Western short stories Bio. of John Duncklee
John Duncklee is an award-winning author of sixteen books. His published work covers fiction, non-fiction, satire, short stories and poetry. Prior to his writing career, John was a university professor in both the United States and Mexico, a cattle rancher, Quarter Horse breeder, designer of mesquite wood furniture, and served his country in the U.S. Navy during the Korean War.
He lives in New Mexico with his wife, Penny, an illustrator and artist.
Awards and Recognition:
$5,000 Unrestricted fellowship for excellence in poetry:
Arizona Commission on the Arts.
Author of the Year: Friends of Branigan Memorial Library.
Las Cruces, NM
Member of the Authors Guild and Western Writers of America Spur Award for best western poem 2008 Western Writers of America
Horse Trading with Ginger Ale
During the early 1960's many cattle deals and horse trades became finalized on the bar stools or booths in the El Dorado Bar. "Chema" witnessed a good many transactions from his position behind the bar. "Chema" didn't say much, but his friendly smile made customers feel welcome...Read More of Chicaro, Horse Trading With Ginger Ale
The Dove and Mr. McCall
As he did every morning for the past six years, Jack McCall sat in his old, tattered, wicker rocking chair on the front porch of his old adobe ranch house in the foothills of the craggy, desert mountains. And, like every morning, he was reminiscing to himself about his life as he waited for Kate to bring his mug full of steaming coffee, and set it on the old nail keg he used for a table. She would always say, “Mornin’ you old rascal. What are you dreamin’ about this mornin’?”...Read More of The Dove and Mr. McCall
The storm unexpectedly rolled in with a fury. I had listened to the weather report the evenin' before as usual. The weather reports are not always right. Last night and this morning proved to be one of the wrongs...Read More of The Blizzard
The Last Breakfast
The blue and pink tour bus, with “Heavenly Tours” emblazoned on its sides, zoomed north toward Tombstone, Arizona. It slowed down as it entered the town. Every passenger looked out of the windows.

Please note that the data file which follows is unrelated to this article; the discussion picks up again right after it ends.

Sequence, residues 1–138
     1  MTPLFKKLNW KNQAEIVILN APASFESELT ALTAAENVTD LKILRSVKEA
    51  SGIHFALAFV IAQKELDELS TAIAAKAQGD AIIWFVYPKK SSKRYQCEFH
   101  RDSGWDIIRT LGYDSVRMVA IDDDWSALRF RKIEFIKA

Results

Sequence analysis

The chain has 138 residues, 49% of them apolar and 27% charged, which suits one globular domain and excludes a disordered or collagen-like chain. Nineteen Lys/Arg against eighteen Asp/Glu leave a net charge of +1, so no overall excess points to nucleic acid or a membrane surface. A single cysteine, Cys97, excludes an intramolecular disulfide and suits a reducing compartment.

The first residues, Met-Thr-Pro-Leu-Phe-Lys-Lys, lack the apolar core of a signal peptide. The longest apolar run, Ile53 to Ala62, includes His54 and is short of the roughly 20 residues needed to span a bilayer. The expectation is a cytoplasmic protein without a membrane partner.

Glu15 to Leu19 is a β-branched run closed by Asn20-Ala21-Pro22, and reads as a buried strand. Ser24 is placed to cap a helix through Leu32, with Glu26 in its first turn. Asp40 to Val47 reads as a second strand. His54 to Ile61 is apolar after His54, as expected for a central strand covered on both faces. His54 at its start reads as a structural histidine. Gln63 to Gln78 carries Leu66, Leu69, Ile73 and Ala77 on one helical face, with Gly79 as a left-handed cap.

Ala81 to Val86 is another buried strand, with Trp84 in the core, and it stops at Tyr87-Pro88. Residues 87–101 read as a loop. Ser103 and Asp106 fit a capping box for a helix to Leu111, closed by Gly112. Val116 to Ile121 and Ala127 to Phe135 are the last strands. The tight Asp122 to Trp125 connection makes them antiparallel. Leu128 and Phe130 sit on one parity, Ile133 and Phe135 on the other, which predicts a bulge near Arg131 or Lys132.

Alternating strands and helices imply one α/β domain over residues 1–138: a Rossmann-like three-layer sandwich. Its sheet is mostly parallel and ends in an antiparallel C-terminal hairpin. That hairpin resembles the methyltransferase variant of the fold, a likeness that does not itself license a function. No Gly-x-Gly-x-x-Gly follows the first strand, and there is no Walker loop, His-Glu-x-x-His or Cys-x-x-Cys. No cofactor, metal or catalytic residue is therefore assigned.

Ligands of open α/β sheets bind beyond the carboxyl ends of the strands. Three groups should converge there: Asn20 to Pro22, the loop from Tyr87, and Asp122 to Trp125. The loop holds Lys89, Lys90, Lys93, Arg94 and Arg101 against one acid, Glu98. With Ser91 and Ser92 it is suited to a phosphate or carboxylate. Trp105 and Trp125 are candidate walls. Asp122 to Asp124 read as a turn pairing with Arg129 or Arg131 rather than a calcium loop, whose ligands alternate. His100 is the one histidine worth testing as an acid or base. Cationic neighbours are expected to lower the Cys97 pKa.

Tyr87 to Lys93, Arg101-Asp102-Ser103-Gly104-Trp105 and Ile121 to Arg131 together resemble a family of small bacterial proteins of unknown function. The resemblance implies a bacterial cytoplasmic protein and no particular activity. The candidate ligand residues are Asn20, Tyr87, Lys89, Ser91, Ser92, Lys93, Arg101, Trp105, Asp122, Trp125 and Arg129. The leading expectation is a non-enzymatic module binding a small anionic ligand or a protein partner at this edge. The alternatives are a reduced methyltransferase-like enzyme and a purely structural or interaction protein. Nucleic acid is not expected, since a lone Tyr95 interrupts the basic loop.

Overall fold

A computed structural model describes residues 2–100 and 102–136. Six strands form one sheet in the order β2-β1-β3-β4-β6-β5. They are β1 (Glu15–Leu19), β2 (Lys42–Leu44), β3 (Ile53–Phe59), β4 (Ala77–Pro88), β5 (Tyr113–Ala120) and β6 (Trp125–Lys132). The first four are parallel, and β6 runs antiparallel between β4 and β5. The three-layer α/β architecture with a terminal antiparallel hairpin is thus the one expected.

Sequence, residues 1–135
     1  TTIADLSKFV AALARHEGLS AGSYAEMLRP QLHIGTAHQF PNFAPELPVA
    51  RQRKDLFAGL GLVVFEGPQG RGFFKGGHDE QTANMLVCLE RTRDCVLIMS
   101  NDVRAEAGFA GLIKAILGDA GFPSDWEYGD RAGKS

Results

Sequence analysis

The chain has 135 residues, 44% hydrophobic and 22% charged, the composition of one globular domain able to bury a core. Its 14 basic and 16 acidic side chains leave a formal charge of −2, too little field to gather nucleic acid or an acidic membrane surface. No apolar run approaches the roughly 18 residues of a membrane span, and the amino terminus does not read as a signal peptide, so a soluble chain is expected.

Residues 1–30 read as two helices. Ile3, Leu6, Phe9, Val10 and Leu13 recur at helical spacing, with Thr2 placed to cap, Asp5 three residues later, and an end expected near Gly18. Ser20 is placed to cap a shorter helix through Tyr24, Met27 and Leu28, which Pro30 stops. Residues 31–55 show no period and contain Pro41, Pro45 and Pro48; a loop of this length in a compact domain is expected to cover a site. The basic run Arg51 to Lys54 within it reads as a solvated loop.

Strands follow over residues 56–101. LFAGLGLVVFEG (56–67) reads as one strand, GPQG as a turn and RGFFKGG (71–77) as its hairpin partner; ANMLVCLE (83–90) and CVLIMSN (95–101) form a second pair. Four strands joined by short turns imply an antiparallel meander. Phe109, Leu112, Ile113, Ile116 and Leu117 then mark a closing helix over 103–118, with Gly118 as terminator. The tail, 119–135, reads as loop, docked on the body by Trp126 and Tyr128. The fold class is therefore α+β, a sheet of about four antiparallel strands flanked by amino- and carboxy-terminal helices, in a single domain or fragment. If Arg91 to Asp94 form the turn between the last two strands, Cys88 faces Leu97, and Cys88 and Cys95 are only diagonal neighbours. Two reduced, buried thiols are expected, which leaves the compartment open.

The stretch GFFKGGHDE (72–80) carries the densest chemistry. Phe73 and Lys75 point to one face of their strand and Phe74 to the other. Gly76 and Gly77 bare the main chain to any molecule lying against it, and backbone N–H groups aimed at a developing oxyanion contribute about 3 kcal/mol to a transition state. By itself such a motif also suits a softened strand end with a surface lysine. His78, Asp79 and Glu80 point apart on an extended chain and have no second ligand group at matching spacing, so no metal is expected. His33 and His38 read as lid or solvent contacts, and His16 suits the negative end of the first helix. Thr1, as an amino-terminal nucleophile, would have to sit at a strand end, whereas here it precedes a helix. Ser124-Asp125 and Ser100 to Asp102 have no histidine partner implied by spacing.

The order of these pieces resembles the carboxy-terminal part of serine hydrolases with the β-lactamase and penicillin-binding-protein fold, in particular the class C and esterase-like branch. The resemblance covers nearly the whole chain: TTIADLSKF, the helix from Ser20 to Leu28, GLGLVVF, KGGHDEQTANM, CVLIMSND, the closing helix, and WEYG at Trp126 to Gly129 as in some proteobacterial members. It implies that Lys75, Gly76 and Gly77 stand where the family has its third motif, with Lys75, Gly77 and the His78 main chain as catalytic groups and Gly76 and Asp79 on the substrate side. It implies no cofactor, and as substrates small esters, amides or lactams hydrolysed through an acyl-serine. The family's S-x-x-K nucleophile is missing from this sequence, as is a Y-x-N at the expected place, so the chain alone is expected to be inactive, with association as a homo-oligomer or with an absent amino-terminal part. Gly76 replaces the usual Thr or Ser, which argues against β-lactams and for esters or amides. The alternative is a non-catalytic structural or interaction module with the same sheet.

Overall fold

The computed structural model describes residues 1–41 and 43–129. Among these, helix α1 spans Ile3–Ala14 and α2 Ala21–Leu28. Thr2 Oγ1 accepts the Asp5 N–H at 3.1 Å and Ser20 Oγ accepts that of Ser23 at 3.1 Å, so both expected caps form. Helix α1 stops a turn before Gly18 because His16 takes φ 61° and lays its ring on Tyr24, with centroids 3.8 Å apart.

"Look at that sign in the window, boys," Ike Clanton said. "It says 'The Best Margarita This Side Of The Border'."
"If she's anything like the Margarita I knew in Juarez, we could be in for one helluva good time," Cole Younger remarked...Read More of The Last Breakfast
A Western Story Without Cuss Words or Family Values
At one time Flying Lead was the smallest town in Arizona. In spite of its size, consisting of the Muleshoe Bar, the Jackass Hotel, and The Stall and Straw livery stable, there was more mescal consumed within the town limits than whiskey in any other place in the territory. That was because Jesse served only mescal that he personally distilled out in back of the Muleshoe...Read More of Fiddle Sticks
The Old House
Nestled in the shade of tall eucalyptus
territorial roof and porch
the ranch house
old when I first saw it the year of Pearl Harbor
Headquarters for Canada del Oro ranch
George Pusch’s, there’s a ridge named for his father
branded Z bar K
I remember because I helped a time or two...Read More of The Old House
The Unknown Horseman
The corral was circular, made from mesquite poles and posts Estacada style where the poles are laid between two posts on one end and two posts on the other. The poles are stacked as high as the builder wants them or as high as the builder has poles for. This corral was circular because the man who built it wanted it for training horses...Read More of The Unknown Horseman
Gone Four Years
Ben Norris had been a cowboy ever since he had helped his father before the old man had retired. His father, also a cowboy, worked around southern Arizona, taking care of the cattle and saddle horses on various ranches...Read More of Gone Four Years
The Starving Ego
Dane Biggers had a starving ego. He had had the condition all of his adult life. It didn’t plague him because he had no idea what it was that demanded attention almost constantly; but Biggers condition bothered many who came in contact with him for one reason or another...Read More of The Starving Ego